The pressure on small- to medium-sized businesses has increased exponentially over the past year. Between an influx of more ransomware-as-a-service players, aggressive malware strains, and growing incidents of business email compromise, SMBs feel the strain.
At least 1 in 3 SMBs surveyed by CyberRisk Alliance (CRA) and ArcticWolf were the victims of malware attacks. Twenty-nine percent were hit by phishing, and 18% said password-based attacks were to blame. Malware (64%) and ransomware (60%) also topped the list of threats that gave SMBs the most concern.
The concern was high enough to dampen respondents’ hopes for 2024. Fifty-seven percent have moderate to low confidence in their overall security posture. Meanwhile, 40% believe they are very or extremely likely to experience a cybersecurity attack in the next 12 months, while 35% see it as somewhat likely.
If MSPs can’t help prevent a breach, then they’ve failed as the organization’s third-party provider and risk getting the boot. Consider that 2 in 3 respondents said they were likely or highly likely to switch their service provider if not satisfied.
Managed service providers (MSPs) take note: The status quo hasn’t worked. Reading between the lines, there’s a huge opportunity for MSPs to take a more proactive advisory role in steering clients toward services that mitigate risk and reduce the sort of low-hanging fruit (like weak passwords and email phishing attempts) that allow attackers inside.
With the cyber landscape riddled with challenges and more SMBs getting hit, CRA found that a majority of SMBs are planning to spend more on cybersecurity services in the coming year. Many seek expertise, better training, and tools that integrate and make sense of their existing IT stacks. And, they’re looking aggressively at cybersecurity partnerships with MSPs that can help them develop practices and policies to serve them in the long-term.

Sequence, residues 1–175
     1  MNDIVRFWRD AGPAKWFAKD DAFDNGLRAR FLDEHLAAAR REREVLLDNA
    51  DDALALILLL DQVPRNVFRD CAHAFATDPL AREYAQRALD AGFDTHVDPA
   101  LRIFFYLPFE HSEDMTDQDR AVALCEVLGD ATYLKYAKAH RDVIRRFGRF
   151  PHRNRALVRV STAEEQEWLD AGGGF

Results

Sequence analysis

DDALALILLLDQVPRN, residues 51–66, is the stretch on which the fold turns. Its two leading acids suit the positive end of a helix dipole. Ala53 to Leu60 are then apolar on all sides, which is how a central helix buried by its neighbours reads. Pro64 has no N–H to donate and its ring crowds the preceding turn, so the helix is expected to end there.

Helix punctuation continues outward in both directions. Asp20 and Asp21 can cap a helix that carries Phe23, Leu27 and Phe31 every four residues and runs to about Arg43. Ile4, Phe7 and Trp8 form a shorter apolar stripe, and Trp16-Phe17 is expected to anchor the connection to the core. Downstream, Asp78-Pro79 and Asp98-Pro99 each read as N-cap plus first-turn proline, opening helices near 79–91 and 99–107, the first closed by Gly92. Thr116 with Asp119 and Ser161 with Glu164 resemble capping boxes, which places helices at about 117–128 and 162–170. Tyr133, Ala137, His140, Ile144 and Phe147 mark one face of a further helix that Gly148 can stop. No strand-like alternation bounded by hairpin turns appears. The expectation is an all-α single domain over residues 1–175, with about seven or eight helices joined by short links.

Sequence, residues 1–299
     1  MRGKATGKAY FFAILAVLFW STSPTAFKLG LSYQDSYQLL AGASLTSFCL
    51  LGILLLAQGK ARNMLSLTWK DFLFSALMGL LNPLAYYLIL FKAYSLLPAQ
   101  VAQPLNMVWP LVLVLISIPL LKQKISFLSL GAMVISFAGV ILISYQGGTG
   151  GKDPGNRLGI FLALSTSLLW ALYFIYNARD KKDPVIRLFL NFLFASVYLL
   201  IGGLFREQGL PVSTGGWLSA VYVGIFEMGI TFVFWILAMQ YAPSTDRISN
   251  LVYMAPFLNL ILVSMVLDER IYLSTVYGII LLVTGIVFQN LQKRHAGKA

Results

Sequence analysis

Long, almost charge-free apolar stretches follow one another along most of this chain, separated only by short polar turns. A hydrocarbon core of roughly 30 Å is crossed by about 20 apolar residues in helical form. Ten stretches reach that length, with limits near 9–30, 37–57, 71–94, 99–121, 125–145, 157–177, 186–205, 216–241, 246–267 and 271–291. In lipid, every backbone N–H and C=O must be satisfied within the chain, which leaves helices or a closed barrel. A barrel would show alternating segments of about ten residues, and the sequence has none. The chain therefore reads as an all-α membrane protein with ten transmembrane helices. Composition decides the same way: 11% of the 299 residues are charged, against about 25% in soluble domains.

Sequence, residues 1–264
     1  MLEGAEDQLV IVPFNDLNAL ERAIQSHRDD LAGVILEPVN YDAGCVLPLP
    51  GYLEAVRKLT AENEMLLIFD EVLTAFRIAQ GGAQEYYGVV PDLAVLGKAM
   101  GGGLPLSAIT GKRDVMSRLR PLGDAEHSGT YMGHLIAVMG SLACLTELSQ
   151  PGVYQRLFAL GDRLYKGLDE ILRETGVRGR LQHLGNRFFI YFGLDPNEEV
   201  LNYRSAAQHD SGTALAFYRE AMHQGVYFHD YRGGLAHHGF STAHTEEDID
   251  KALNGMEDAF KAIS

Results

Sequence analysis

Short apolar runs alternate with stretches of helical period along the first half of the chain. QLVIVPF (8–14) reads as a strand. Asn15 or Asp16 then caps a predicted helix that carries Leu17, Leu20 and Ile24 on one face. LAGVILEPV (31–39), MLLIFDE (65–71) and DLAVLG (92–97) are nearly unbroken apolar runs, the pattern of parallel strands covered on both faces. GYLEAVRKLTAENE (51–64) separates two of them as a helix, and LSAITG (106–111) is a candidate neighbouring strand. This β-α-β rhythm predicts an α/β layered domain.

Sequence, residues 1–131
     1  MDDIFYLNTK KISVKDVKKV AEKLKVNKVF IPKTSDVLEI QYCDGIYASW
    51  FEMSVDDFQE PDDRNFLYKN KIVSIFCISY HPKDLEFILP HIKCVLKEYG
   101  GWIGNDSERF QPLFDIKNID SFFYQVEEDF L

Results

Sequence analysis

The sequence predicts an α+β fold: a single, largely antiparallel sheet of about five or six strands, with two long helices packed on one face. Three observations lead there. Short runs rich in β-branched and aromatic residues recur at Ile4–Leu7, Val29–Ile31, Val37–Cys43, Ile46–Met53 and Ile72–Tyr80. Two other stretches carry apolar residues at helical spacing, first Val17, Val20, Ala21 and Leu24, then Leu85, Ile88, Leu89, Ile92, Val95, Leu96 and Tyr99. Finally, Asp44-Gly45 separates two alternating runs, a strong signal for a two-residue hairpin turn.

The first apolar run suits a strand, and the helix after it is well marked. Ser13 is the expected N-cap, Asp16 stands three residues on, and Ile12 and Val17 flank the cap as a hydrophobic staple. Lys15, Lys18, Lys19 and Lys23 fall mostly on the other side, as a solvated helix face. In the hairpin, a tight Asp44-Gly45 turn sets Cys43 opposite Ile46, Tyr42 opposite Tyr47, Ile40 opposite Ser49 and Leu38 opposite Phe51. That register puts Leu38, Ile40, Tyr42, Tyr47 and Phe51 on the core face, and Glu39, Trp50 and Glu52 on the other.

How can MSPs better serve SMBs?
While both the SMBs and MSPs want to work toward better and more efficient cybersecurity, the partnership often buckles under the weight of mixed signals and expectations.
For example, while MSPs can consistently deliver assistance for foundational IT security such as monitoring passwords and phishing attempts, some lack the depth of security expertise required to actually hunt down threats, perform forensics, and mitigate potential impacts. The consequence of not having this kind of targeted function in place is that MSPs are often left juggling multiple responsibilities that keep them in constant firefighter mode, much to the chagrin of their SMB clients.
Here's where using a managed security operations provider (MSOP) could benefit the MSPs. Unlike an MSP, which tend to specialize in a handful of point solutions, MSOPs can devote 100% focus and 24x7 monitoring to hunting threats. This means MSPs can focus on the basics while letting the managed detection and response (MDR) or MSOP teams handle the in-depth security threats.
As one SMB respondent said: “we would prefer MDR as its response level is the best and most practical for our business model and would produce the best results for any risk we may have currently or in the immediate future.”
Ultimately, it’s vital for SMBs and MSPs to lay all their cards out on the table when establishing such a partnership. SMBs can be honest about their resource constraints, budget flexibility, and knowledge gaps, and MSPs can reciprocate by helping these businesses fill skills gaps, develop effective IR plans and training resources, and strategically address the operational challenges of the future.